Stan Kimer[Editor’s note: Stan C. Kimer is a retired IBM executive and former President of the North Carolina Council of Churches. He now runs a firm which offers consulting services around diversity management and training, and talent/career development. This is the latest installment in a series of posts he is authoring for The Progressive Pulse on engaging the faith and business communities on the issue of workers’ rights. You can read his most recent previous installments by clicking here and here.]

In this month’s post, I return to the subject of engaging the business community in promoting worker’s rights.

Most corporate mission statements include a statement about enhancing the overall well-being of the communities they work in and sell to. Moreover, such statements often include items like assisting with economic development in traditionally depressed areas. Too often, however, these statements fail to match words with deeds.

There is a strong connection between this “economic and community involvement” and the issue of racism in the United States. In the Winter 2015 edition of The Crisis — the magazine of the national NAACP — the finance column article was entitled “Closing the Racial Wealth Gap Isn’t Just the Right Thing to Do. It’s Good Economics.” The article quoted the alarming statistic that the median net worth of White families is 9.5 times that of Hispanic families and 12 times that of Black families, with just a miniscule improvement in the past 50 years.

Here are some additional alarming statistics:

  • The 2010 US Census declared that 15.1% (over 46 million people!) of Americans were living in poverty.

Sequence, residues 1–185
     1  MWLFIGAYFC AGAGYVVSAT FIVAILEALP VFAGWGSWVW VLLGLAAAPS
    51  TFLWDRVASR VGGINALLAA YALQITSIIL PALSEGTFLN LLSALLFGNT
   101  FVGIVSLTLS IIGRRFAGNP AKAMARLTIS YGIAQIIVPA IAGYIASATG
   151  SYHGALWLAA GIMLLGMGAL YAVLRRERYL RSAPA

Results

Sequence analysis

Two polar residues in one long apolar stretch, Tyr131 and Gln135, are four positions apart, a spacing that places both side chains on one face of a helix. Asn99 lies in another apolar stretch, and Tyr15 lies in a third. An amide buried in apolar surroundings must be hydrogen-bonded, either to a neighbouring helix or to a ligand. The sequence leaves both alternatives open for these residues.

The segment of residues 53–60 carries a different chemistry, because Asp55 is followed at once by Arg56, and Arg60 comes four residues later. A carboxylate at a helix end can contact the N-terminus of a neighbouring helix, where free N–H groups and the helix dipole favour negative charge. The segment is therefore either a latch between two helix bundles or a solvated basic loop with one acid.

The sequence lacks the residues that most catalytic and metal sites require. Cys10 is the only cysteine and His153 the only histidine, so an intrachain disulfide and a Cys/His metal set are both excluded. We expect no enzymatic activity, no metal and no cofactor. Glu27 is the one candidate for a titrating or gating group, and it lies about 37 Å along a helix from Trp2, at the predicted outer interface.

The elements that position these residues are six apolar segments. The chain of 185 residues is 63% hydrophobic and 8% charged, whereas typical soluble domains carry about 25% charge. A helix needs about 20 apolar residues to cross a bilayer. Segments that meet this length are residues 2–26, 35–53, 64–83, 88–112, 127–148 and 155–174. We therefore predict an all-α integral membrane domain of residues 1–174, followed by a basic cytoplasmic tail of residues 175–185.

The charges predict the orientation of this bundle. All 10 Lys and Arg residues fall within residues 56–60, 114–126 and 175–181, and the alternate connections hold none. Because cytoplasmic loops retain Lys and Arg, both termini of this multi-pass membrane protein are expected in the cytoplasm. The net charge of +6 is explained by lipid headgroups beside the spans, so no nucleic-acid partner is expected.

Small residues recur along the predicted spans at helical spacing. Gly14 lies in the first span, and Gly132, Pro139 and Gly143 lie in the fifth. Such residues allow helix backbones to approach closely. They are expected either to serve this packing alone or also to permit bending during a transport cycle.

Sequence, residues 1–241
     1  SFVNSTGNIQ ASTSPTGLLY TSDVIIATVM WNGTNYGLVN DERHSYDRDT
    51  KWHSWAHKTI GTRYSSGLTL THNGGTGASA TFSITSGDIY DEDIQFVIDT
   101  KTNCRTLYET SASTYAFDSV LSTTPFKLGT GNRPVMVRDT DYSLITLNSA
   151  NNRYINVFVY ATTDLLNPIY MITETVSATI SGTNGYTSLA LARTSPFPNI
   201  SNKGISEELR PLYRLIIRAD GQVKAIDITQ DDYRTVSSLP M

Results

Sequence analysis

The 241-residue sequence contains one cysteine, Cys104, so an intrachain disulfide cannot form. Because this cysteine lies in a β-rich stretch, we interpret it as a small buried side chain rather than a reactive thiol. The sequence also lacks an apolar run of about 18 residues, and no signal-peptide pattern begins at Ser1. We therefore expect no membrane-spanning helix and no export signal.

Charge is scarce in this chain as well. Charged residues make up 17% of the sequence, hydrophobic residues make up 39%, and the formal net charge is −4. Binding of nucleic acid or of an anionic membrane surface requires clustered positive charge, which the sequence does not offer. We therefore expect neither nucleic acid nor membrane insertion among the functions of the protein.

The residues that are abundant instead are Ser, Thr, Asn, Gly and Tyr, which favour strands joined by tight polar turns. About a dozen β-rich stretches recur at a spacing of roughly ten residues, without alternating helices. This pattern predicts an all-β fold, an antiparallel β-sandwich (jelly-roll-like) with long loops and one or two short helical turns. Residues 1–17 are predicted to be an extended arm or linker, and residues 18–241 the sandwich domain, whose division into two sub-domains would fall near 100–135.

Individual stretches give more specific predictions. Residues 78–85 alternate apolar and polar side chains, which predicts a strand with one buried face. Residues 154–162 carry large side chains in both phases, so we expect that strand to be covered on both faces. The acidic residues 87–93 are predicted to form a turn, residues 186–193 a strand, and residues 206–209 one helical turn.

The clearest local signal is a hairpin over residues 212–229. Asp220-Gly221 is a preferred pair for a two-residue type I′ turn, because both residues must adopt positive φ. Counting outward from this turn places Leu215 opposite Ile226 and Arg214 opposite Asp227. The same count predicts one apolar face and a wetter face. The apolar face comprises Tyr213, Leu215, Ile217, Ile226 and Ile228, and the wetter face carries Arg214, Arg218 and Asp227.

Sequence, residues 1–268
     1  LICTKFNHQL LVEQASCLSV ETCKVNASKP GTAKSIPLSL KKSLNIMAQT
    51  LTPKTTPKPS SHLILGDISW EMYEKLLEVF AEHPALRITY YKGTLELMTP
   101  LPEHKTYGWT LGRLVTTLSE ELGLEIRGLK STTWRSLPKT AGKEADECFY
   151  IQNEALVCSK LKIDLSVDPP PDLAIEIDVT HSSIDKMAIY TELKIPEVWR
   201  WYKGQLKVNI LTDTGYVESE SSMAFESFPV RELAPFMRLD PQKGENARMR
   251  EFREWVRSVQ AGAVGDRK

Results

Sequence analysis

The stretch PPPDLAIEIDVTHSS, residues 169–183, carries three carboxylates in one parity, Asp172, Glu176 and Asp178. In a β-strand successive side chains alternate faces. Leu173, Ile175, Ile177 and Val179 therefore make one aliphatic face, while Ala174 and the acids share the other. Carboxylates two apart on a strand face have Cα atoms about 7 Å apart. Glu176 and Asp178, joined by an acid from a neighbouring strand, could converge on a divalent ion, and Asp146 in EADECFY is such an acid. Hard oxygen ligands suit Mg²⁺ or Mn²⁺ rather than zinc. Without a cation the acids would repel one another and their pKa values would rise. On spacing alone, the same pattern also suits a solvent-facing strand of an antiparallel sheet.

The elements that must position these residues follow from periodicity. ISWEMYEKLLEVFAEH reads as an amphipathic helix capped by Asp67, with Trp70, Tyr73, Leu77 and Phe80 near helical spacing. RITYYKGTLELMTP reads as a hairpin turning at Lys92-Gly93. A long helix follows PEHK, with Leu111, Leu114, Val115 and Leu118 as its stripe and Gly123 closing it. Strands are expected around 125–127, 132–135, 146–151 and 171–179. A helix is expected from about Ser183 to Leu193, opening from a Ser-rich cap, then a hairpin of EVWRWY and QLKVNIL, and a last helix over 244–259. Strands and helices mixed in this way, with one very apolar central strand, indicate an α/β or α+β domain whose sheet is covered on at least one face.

• That Blacks and Hispanics were disproportionately represented in the poverty numbers (Over 28% of Blacks and 26% of Hispanics.)
  • The poverty rate for women single head of households was 5 times the poverty rate of families with two parents.

Why is this important in the workers’ rights discussion? Because it is most often these poorest families that are Black or Hispanic with the wage earners bringing in the lowest pay with the least amount of benefits. When an illness hits and a parent needs to take time off of work, or when a woman needs to take time off to have a baby, these families of color do not have the accumulated net worth and resources to fall back on to bridge the financial crisis. This will often result in losing homes, ending up on the street, getting more ill, etc. In the long run, this will cost the American country more in health care costs, crisis intervention and public assistance.

In other words: If companies do want to hold true to their pledges to better the communities they are in, more basic benefits must be made available to the lowest paid employees in the enterprise.